Reality Check #1:  I was comparing myself to already established Network Engineers. What I wasn’t factoring into my thought process was that they, at one point, were in my shoes, having to learn everything from scratch. Even the most talented Network Engineers had to sit down and learn the concepts of subnetting.

 

Reality Check #2: Google. I wasn’t factoring in Google. On the help desk, Google was my best friend….as it was for all help desk techs. But for some reason I assumed Network Engineers were beyond this. They had ascended to a level where their knowledge was complete. Nope. As a Network Engineer, Google is even more vital. A large part of being a good Network Engineer is being a skilled Google searching. My biggest fear is that I would step into this role and be caught in a situation where I didn’t know something that I felt I should know. I would look like an idiot and be shamefully walked out. I can now say, with full confidence, that this is a normal part of the job for every Network Engineer. A good network engineer is not marked by how much they know but by knowing how to find the information they need to know.
Reality Check #3: I had to talk myself down with some logic. Fact of the matter, if I give my best to this endeavor, to becoming a Network Engineer, to spending hours every night pouring over networking concepts and practicing labs….but I fail, it is what it is. I have nothing to lose by trying this. The best thing that can happen to me is that I actually succeed and become a network engineer!! The worst thing that can happen is that I don’t become a network engineer but, hey, I will probably have picked up some really amazing skills that I can apply to many other areas and disciplines. Either way, I come out of this experience with something.

 

  1. Even if I could memorize all the concepts of vlans and EIGRP, I just don’t think I would be good at the job. I’m not skilled or talented enough to troubleshoot and design enterprise networks. I can’t handle the pressure of network outages and costing the company money with every minute I spend not knowing how to fix it!

 

Reality Check #1: If you are able to work on a helpdesk, you can be a Network Engineer.

 

Now, there are network engineers who just ooze talent. This has to be said. I feel like they walk into a datacenter and just see lines of code pouring from the sky like the Matrix. They can speed-read through router configs and tell you exactly what’s wrong before you even enter your enable password. Yes, there are wizards. Not everyone will be a wizard. But, I believe if you have the technical aptitude to work on a helpdesk you can become a network engineer. The skills you utilize on the help desk easily translate to network engineering, just on a larger, more complex scale. The primary differences between a network engineer and a help desk tech is knowledge and drive. If you have the drive, you can get the knowledge. Maybe you don’t work on a helpdesk and you have these concerns…well see the next reality check.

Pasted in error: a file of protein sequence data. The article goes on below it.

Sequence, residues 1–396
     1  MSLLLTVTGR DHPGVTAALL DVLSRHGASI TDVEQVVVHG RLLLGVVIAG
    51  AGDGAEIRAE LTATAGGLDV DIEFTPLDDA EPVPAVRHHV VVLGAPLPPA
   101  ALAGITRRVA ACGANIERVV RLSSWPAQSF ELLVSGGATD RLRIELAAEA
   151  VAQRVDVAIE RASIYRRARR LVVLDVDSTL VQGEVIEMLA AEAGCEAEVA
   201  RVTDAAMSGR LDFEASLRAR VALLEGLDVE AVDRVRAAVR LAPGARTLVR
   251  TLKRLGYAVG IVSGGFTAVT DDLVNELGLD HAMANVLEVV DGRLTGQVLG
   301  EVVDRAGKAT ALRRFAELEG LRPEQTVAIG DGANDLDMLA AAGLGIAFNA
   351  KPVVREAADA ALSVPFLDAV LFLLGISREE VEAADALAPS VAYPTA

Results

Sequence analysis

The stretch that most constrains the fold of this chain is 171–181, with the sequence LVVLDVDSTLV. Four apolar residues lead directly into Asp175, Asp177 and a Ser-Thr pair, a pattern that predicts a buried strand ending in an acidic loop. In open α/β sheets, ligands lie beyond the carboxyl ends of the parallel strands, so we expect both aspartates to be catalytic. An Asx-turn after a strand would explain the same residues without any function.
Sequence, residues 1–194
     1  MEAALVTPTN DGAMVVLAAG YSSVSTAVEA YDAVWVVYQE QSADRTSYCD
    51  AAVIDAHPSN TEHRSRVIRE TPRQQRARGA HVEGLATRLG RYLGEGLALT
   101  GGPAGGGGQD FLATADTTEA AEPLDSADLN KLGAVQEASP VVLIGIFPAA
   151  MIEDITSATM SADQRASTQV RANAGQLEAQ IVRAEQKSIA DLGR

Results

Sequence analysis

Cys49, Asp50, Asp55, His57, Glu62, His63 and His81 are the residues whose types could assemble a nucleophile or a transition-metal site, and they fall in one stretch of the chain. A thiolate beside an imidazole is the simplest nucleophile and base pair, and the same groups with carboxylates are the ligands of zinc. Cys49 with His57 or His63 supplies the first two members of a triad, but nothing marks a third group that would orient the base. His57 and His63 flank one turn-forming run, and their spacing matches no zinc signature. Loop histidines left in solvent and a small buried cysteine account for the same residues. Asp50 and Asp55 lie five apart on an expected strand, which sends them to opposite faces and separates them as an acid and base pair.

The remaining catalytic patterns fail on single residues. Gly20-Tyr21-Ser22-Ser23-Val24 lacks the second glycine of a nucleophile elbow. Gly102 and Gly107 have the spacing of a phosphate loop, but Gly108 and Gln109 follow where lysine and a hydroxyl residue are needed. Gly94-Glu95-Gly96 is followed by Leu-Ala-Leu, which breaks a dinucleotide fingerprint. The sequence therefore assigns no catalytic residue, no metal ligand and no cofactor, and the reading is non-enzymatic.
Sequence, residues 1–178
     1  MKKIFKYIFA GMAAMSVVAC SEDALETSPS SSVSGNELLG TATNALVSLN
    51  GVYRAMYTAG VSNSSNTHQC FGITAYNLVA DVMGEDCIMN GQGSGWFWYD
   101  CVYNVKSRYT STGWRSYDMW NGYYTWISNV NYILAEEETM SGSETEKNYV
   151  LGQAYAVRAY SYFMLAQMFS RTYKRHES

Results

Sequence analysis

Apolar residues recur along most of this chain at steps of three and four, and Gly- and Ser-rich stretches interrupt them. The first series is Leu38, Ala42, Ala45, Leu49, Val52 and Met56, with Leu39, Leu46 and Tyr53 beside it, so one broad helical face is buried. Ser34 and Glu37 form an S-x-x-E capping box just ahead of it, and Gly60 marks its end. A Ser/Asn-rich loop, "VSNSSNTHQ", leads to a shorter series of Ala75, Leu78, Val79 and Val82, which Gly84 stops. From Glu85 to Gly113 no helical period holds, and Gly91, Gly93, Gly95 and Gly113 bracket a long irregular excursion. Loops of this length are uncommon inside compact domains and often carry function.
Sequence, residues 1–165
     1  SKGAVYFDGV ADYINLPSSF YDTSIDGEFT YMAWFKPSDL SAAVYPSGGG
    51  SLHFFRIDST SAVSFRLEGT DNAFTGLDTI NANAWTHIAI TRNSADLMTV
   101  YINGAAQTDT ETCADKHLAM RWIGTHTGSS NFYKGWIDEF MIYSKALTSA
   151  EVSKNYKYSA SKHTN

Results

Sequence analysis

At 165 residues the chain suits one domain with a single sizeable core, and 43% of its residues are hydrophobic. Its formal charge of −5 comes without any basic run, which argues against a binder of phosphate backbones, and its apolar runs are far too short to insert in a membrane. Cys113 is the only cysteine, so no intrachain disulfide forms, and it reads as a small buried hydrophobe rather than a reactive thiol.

Reality Check #2: What one man can do, another man can do. (or woman!)

 

I firmly believe this. Many may disagree but I have seen it time and time again, with the right amount of drive and effort, any man can do anything. You may not be the best, or the smartest or the fastest….but you can become a Network Engineer and do a solid job. You can become a Network Engineer and make a TON OF MONEY!! You are the only thing limiting yourself. Who cares if it takes you a little longer to get your CCNA? Who cares if you failed the exam once, twice, three times. You can learn from your failure and try again. The path to greatness is paved with failed attempts but only the driven will keep going. Perseverance is what will separate you from other techs.

 

“ Success is not final, failure is not fatal: it is the courage to continue that counts.” – Winston Churchill.
By | 2017-06-11T00:31:22+00:00 June 11th, 2017|Career, Network Admin|1 Comment

About the Author:

I'm a simple Network and Voice Engineer still trying to figure things out. Certifications have been the key to my success and I'm hoping this site helps others along this same path.